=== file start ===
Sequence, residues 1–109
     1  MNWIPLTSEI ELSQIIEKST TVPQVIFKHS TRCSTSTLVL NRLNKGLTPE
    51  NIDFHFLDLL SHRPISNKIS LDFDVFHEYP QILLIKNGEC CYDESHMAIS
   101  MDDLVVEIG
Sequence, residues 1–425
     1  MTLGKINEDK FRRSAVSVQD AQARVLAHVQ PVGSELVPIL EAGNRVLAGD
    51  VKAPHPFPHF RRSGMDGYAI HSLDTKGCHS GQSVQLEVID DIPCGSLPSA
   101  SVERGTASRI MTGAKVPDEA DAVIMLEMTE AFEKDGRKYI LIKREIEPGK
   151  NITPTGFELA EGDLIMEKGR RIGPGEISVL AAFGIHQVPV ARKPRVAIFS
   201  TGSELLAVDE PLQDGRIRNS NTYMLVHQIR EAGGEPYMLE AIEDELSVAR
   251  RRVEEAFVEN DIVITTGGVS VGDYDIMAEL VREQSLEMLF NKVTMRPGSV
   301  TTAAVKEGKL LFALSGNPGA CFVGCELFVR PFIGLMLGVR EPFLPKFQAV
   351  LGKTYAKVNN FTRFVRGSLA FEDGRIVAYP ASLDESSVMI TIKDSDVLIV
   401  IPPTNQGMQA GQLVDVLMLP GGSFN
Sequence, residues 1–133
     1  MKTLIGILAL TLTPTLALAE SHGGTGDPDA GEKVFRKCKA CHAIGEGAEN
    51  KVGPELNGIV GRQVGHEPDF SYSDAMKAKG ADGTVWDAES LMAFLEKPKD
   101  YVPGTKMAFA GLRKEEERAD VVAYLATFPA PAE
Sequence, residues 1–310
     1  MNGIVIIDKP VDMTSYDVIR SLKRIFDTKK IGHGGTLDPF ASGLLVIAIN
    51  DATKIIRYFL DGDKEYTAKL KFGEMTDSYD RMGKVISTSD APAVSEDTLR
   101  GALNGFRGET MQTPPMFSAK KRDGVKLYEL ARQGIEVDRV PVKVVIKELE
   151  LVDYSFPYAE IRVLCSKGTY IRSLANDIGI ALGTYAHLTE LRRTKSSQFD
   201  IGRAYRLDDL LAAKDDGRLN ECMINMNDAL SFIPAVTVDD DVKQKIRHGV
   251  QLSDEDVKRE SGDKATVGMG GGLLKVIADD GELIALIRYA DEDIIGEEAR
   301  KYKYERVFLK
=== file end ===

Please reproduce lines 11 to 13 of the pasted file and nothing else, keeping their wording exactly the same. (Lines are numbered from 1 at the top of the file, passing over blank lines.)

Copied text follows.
   251  RRVEEAFVEN DIVITTGGVS VGDYDIMAEL VREQSLEMLF NKVTMRPGSV
   301  TTAAVKEGKL LFALSGNPGA CFVGCELFVR PFIGLMLGVR EPFLPKFQAV
   351  LGKTYAKVNN FTRFVRGSLA FEDGRIVAYP ASLDESSVMI TIKDSDVLIV